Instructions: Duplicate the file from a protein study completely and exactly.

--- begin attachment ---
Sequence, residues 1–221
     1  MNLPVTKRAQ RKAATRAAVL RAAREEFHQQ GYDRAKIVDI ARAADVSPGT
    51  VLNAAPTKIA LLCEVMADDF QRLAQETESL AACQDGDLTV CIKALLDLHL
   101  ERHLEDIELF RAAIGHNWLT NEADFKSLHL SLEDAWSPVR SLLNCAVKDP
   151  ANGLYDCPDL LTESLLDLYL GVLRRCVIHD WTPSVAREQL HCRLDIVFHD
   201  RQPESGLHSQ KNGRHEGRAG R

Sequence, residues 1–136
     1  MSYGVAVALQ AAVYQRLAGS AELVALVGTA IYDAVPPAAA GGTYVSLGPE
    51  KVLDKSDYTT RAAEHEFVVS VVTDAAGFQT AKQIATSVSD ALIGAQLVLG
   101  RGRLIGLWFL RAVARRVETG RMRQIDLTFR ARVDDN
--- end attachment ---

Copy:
Sequence, residues 1–221
     1  MNLPVTKRAQ RKAATRAAVL RAAREEFHQQ GYDRAKIVDI ARAADVSPGT
    51  VLNAAPTKIA LLCEVMADDF QRLAQETESL AACQDGDLTV CIKALLDLHL
   101  ERHLEDIELF RAAIGHNWLT NEADFKSLHL SLEDAWSPVR SLLNCAVKDP
   151  ANGLYDCPDL LTESLLDLYL GVLRRCVIHD WTPSVAREQL HCRLDIVFHD
   201  RQPESGLHSQ KNGRHEGRAG R

Sequence, residues 1–136
     1  MSYGVAVALQ AAVYQRLAGS AELVALVGTA IYDAVPPAAA GGTYVSLGPE
    51  KVLDKSDYTT RAAEHEFVVS VVTDAAGFQT AKQIATSVSD ALIGAQLVLG
   101  RGRLIGLWFL RAVARRVETG RMRQIDLTFR ARVDDN